- The Washington Times - Saturday, May 30, 2009

NEW YORK | Jewelry retailer Tiffany & Co. said Friday that its first-quarter profit plunged 62 percent as sales tumbled while consumers continued to shy away from luxury purchases.

Still, the earnings matched Wall Street’s expectations and the company maintained its profit outlook for the full year. Tiffany said it cut spending in the first quarter to offset weak sales by cutting 10 percent of its staff - or 900 people - and lowering marketing spending.

Tiffany, like many other luxury companies, has seen sales soften as consumers cut back on big-ticket, discretionary purchases amid the recession. Tiffany said sales of items over $50,000 were particularly weak, and lower-priced silver and gold jewelry performed better.

The New York retailer earned $24.3 million (20 cents per share) for the three months ended April 30, down from $64.4 million (50 cents) a year ago.

That matched expectations of analysts polled by Thomson Reuters.

Edward Jones analyst Matt Arnold said U.S. sales were worse than expected but the company was able to make up for the shortfall elsewhere.

“The diversification of the company kind of shined through here,” he said. “Other geographies picked up the slack and enabled the company to come in okay.”

“Despite reduced consumer demand in the luxury sector, Tiffany is, and is projected to remain, solidly profitable and will generate substantial cash from operations,” Chairman and Chief Executive Michael J. Kowalski said.

Sales fell 22 percent to $523.1 million from $668.1 million a year ago and below analysts’ expectations for revenue of $533 million.

The biggest sales drop was in the Americas, where they slid 31 percent, with U.S. sales in stores open at least one year down 34 percent. That includes a 42 percent sales drop at its New York flagship store.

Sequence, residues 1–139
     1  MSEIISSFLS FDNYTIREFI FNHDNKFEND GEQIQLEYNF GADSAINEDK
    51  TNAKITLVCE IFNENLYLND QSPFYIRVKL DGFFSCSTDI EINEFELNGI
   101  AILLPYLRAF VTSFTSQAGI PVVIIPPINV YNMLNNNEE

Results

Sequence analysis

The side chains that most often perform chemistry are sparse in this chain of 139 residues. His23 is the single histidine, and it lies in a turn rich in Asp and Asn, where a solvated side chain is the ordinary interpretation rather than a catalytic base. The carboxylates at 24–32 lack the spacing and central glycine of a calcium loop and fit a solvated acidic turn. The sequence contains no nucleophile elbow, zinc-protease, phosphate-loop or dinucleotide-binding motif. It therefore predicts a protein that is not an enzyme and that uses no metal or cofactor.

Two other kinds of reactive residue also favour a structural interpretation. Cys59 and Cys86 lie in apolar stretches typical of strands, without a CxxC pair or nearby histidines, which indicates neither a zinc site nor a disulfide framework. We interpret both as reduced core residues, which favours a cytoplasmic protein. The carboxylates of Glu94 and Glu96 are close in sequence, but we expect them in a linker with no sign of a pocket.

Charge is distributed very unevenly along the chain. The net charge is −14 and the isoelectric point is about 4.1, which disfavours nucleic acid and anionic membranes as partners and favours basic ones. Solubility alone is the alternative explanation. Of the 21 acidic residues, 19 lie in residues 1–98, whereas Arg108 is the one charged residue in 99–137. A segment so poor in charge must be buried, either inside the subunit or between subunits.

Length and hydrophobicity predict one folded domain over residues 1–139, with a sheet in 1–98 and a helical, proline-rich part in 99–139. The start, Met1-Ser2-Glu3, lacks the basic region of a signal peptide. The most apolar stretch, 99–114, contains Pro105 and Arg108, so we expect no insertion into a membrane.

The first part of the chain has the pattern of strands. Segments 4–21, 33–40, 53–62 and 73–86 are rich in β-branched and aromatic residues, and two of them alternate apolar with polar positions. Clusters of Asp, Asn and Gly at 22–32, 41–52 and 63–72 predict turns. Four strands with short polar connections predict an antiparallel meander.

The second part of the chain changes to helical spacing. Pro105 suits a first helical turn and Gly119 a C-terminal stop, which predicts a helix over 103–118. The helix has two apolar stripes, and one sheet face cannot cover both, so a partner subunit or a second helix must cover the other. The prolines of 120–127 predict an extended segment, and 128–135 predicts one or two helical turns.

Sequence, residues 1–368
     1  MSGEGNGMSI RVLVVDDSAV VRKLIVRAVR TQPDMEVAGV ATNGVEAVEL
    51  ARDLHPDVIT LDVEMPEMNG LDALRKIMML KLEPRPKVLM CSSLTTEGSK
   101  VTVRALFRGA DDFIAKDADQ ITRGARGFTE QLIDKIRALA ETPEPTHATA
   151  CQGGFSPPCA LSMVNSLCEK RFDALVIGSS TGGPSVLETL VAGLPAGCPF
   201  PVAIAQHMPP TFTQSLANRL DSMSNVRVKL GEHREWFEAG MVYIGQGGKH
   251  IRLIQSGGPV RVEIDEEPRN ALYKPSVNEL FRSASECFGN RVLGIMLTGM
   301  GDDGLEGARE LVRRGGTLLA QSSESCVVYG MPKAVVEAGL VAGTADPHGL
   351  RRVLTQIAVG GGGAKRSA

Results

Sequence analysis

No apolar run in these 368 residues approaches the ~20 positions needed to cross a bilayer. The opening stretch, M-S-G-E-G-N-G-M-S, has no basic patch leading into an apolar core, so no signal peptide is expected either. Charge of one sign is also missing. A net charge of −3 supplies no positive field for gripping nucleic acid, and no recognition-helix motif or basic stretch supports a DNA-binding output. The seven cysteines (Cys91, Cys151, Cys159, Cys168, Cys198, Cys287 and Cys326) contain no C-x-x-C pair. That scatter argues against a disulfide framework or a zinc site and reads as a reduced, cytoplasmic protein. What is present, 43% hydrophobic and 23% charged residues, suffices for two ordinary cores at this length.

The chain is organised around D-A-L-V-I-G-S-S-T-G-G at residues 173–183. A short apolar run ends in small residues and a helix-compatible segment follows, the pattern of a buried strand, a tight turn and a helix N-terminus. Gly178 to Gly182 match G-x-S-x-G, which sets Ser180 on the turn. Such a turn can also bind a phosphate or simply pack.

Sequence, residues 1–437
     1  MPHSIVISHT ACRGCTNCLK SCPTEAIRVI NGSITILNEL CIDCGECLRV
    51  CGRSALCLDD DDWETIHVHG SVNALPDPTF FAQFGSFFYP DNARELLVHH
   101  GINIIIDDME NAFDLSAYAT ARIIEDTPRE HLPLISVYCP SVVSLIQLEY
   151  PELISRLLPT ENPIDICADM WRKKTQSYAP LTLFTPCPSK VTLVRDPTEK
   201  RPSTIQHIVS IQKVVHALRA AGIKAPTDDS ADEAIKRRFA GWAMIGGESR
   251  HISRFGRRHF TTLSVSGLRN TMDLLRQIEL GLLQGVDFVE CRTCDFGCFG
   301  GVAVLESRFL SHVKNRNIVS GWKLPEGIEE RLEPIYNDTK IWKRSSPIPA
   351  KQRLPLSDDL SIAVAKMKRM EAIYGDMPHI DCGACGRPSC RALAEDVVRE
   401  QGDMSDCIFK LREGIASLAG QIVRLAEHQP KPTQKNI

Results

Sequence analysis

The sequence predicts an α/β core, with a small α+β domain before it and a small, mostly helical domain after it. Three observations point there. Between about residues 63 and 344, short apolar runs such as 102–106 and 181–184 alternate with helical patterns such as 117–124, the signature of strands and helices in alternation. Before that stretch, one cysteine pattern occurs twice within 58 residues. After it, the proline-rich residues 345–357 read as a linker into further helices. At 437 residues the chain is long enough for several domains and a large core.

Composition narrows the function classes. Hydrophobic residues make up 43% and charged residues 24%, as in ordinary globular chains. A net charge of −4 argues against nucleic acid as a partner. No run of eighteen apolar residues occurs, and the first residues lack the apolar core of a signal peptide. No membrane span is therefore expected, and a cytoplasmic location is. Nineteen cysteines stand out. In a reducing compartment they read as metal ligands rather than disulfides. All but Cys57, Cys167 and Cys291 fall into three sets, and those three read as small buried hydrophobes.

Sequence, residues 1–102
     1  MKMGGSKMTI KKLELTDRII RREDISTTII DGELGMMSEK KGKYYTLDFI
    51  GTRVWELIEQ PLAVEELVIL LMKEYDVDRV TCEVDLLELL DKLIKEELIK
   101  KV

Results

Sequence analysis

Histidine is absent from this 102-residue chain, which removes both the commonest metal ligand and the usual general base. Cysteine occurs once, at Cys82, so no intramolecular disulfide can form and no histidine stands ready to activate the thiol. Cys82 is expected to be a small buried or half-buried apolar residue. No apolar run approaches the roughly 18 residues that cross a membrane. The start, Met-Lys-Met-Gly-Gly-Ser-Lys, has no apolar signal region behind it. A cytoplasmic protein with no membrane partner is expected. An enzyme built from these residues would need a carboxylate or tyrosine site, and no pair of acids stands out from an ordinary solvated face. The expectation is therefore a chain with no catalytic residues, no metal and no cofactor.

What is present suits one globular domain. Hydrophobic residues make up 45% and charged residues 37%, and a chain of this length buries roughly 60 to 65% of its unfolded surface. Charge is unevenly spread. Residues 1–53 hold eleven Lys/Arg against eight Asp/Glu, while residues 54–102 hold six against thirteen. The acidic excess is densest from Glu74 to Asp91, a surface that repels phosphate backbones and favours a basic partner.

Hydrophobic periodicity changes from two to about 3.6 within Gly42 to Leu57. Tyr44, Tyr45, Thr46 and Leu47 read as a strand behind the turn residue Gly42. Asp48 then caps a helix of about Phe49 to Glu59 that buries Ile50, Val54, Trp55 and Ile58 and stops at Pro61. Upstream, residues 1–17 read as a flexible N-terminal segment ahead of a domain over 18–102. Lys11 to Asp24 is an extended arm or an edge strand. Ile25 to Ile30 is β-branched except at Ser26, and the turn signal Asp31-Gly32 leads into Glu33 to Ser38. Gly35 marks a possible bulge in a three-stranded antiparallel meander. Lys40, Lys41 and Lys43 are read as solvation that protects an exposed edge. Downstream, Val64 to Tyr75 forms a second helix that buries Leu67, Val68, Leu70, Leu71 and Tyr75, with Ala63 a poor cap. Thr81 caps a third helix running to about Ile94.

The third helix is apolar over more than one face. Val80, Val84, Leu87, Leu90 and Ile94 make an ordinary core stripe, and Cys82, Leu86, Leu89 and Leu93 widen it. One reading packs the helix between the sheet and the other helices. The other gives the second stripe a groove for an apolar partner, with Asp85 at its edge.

The company said the drop was due to less spending by financial-sector employees and a drop in foreign tourists.

However, Tiffany said the drop in tourism might have benefited European stores, where same-store sales rose 3 percent and total sales fell 8 percent, mostly due to the stronger dollar. Sales in Asia-Pacific fell 9 percent.

Excluding the impact of the stronger dollar, worldwide sales slipped 18 percent and same-store sales dropped 21 percent.

Chief Financial Officer Jim Fernandez said Tiffany faced tough competition during the quarter.

“Our business in the U.S. is being affected by challenging economic conditions, but we’re also facing a headwind from continued heavy and unprecedented levels of discounting by many competitors, including liquidation sales by some who will likely be closing their stores,” he said in a conference call.

In an effort to cut costs, the company has reduced catalog mailings and has begun to rely more on e-mail messages.

“They’re doing a good job navigating what’s going to be a really tough environment for luxury goods,” analyst Mr. Arnold said.

Tiffany reaffirmed its guidance for full-year earnings from continuing operations of $1.50 to $1.60 per share. Analysts expect profit of $1.56 per share.

The company ran 209 stores and boutiques at quarter’s end, up from 192 shops a year earlier.

Tiffany shares gained 24 cents to close at $28.37 Friday.

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